As part of the US Army Transformation process, in order to keep the designers and implementers from falling into old mental habits, we renamed things. We threw out Corps, Division, Brigade and replaced them with new verbal constructs, the "Unit of Employment," or UE, and the "Unit of Action," or UA - in order to make it easier to create new organizational constructs. We have made other changes to keep people from using 'outmoded' mental models, as well - "Fires Brigade" instead of Division Artillery, "Maneuver Enhancement Brigade" instead of Engineer Brigade. And for a purpose other than getting some clever Lieutenant Colonel his Legion of Merit. As we really are trying to change how those units are built and employed, it actually does serve a purpose to keep people from slipping into old habits - especially the old farts in charge. The young ones are growing up with these changes - for them, it is business as usual.

Still - history matters. And that shows up when after units pass through the Transformation process, we go back to historical designations - UA's become brigades again, as there aren't too many Colonels running around who really want to call themselves a "Unit of Action Commander." They want to be Brigade Commanders. Especially now that in the new structure, Brigades are mini-divisions and more independent and deployable. And even fewer Generals want to tell their friends they are a "Unit of Employment X Commander" hoping to get promoted to 3 Stars so they can become a "Unit of Employment Y Commander!"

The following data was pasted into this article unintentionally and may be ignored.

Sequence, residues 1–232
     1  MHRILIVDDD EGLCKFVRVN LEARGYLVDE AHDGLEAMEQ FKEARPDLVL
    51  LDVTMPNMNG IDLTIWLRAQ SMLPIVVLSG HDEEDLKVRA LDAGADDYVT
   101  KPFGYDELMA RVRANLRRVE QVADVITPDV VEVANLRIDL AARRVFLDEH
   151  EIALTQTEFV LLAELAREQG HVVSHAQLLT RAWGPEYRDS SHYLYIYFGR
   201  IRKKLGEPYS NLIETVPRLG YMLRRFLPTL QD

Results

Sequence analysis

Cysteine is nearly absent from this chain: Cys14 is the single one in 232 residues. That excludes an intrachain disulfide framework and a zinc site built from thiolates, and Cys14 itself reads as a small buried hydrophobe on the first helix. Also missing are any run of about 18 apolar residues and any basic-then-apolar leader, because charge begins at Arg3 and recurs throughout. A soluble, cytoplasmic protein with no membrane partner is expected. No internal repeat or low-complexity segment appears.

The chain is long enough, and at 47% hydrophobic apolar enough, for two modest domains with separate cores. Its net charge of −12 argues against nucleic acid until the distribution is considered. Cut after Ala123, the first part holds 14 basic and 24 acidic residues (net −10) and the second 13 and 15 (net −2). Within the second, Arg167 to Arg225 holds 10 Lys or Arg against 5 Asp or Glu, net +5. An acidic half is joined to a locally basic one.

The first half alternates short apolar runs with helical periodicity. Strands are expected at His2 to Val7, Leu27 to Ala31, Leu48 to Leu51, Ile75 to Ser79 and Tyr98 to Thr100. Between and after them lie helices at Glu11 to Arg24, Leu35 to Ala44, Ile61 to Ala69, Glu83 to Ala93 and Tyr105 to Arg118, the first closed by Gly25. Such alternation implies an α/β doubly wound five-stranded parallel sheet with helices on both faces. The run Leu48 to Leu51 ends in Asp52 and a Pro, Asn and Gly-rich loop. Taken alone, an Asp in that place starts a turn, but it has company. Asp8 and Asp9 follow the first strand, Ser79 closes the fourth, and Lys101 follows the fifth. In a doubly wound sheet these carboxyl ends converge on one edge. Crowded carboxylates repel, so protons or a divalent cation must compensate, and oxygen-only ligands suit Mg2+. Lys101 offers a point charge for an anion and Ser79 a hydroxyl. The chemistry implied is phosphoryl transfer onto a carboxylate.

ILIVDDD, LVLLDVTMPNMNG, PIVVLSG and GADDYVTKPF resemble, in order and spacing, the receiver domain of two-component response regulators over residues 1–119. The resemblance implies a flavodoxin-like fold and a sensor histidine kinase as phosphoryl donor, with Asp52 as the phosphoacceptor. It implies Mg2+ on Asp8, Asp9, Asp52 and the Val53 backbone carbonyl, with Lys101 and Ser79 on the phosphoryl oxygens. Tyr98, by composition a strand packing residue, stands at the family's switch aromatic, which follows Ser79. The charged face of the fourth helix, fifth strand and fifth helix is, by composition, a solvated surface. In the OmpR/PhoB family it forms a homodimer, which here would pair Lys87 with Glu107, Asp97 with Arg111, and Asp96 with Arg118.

The point is - names and history matter, especially to the direct combat branches of Infantry and Armor. The artillery, like it's Brit counterpart, tends to take it's identity from the branch, rather than the regiment. My regimental affiliation is the 3rd Field Artillery regiment - but I really think of myself as an Artilleryman, or Redleg. Part and parcel of our descent from the British Royal Artillery Regiment, the all-encompassing organization for British Artillery.

Cohesion and sense of community are important, as this little vignette shows:

W est Belfast in the autumn of 1982 was a bad place to be a British soldier. Booby-traps, like the one which destroyed Corporal Leon Bush, aged 22, of the Worcestershire and Sherwood Foresters Regiment, were routine, decidedly not news. Corporal Bush’s death, like most soldiers’, was quickly forgotten by everyone except his family.